Raphel Cherry, after years of being the chasee, is now the chaser, and he likes it.
"I'm a pretty aggressive person," the Washington Redskins' rookie strong safety said yesterday, "so it's fun to get a chance to hit somebody. I want to hit them before they hit me. And the aggressive person is going to win most of the time."
When the Redskins selected Cherry in the fifth round of the 1985 draft, it was a classic case of taking the best available athlete. At 6 feet, 194 pounds, Cherry had been the quarterback at the University of Hawaii, where he threw for more than 5,000 yards and set 29 passing and total offense records.
As a senior, Cherry was named second team all-Western Athletic Conference. Brigham Young's Robbie Bosco was first team.
The Redskins aren't the first team that wanted to move Cherry from quarterback to defensive back. When UCLA and Southern Cal were recruiting Cherry at Washington High School in Los Angeles, they too talked about taking the ball out of his hands. Cherry did not like the idea.
"They asked me to play DB and I said no," Cherry said. "Now, this is what I'm doing for my life and career. College is more getting ready for life and I wanted to play quarterback. But (after college) I had just wanted a chance to play in the NFL, so I thought I would do the best I can and learn all I can."
Cherry also wanted to get away from home. He made the visit to Hawaii "just to look at it," but decided at the last minute to go. "I had a good chance to play as a freshman," Cherry said. "It was a good situation to get away from home and grow up. USC and UCLA are real close and I could go home when I wanted to. But there's a lot of water between Hawaii and home and you can't just hop on the plane all the time."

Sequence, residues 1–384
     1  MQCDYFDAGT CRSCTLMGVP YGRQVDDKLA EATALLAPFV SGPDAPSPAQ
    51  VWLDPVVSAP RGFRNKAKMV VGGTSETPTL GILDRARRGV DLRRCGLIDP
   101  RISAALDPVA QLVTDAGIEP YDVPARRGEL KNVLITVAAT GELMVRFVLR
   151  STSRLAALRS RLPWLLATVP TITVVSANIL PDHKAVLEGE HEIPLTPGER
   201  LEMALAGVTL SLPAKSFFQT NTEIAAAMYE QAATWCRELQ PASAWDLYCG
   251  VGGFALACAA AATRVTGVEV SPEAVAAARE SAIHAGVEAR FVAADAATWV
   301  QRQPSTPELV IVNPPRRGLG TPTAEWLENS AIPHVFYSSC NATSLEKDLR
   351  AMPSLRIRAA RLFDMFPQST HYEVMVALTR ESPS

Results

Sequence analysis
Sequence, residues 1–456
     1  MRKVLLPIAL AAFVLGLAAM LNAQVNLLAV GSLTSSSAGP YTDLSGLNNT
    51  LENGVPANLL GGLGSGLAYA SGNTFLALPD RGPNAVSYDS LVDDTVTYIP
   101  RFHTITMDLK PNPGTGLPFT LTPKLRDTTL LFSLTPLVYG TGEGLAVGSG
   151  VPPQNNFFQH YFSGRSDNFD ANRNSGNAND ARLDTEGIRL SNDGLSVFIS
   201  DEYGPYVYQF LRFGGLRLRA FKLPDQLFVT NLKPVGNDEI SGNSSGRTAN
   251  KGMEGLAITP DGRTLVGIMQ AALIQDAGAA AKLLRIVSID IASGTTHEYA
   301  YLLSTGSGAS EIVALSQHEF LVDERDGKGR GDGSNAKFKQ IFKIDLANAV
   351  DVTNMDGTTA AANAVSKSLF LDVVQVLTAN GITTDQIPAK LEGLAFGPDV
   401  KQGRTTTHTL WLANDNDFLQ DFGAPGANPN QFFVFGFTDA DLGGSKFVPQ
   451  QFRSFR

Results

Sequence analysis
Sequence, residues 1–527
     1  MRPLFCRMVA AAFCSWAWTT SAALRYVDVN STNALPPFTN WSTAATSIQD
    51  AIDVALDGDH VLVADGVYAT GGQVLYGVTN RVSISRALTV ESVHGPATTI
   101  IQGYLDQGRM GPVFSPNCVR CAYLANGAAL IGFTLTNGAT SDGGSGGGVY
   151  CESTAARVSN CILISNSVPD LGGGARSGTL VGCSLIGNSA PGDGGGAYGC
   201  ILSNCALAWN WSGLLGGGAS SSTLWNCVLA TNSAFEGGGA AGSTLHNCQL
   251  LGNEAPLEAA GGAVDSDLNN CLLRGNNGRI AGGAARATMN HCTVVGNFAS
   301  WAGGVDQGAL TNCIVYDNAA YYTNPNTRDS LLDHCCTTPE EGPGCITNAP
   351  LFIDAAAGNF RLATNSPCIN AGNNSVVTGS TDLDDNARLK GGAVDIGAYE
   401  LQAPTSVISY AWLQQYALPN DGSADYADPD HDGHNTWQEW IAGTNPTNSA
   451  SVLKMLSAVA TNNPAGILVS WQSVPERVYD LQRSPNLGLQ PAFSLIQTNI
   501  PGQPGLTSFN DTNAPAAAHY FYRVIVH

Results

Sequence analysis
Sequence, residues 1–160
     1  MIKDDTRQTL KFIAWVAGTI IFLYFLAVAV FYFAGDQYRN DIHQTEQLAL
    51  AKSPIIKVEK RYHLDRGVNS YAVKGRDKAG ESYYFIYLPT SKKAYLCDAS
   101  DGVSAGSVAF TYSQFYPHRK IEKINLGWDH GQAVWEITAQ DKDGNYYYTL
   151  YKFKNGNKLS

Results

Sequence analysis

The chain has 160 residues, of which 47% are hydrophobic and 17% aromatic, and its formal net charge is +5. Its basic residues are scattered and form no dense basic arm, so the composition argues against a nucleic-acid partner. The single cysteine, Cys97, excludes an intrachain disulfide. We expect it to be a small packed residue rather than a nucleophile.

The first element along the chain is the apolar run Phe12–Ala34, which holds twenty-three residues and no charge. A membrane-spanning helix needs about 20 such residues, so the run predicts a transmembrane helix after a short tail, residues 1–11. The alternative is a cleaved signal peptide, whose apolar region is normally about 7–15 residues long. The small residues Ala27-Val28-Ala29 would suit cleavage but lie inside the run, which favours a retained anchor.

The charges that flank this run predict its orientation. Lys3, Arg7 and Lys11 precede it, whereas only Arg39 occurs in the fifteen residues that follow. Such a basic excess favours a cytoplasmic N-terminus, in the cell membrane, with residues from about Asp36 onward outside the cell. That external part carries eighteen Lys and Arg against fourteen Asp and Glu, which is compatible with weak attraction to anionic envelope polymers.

Cherry has started the last four games at strong safety, after having worked at free safety in training camp. He got his first start because Tony Peters had a groin pull. But Peters has not been able to win back his spot.
"He's an excellent athlete and that's why he's playing so much," said Richie Petitbon, assistant head coach/defense. "He's inexperienced but he's learning all the time. He'll be an excellent football player someday."
Cherry realizes there still is a lot to figure out concerning his new job.
"Right now, it's a learning process and adapting to a new position," he said. "I just told myself that it was going to take time, and that I need to take it day by day. If things go bad, don't get down on yourself. There's a lot to learn and it's still slow."
Petitbon, a four-time Pro Bowl strong safety, likes Cherry, but feels uncomfortable playing someone with so little experience. "To be perfectly honest, he's playing like a rookie," he said. "He's a very intelligent kid and he understands things, but there's so much to learn. He can play either safety spot, but where he winds up, I don't know. I like a lot of things about him. I don't like his inexperience, but there's not much I can do to change that. It's just going to take time."
Both starting defensive tackles missed practice yesterday. Rookie Dean Hamel had the flu, and Dave Butz was with his wife Candyce, who gave birth to their third child, a nine-pound six-ounce boy named Jason.
Quarterback Jay Schroeder, recovering from a cracked rib, took 15 snaps in practice with Babe Laufenberg handling the rest. Coach Joe Gibbs said Schroeder had thrown before practice, had planned to take only 15 snaps and "felt good and threw real well. I think he's fine."
Running back George Rogers practiced but was slowed a bit by the flu. Gibbs said Rogers will start this Sunday at RFK Stadium against Cincinnati and play "as long as he feels good, looks healthy."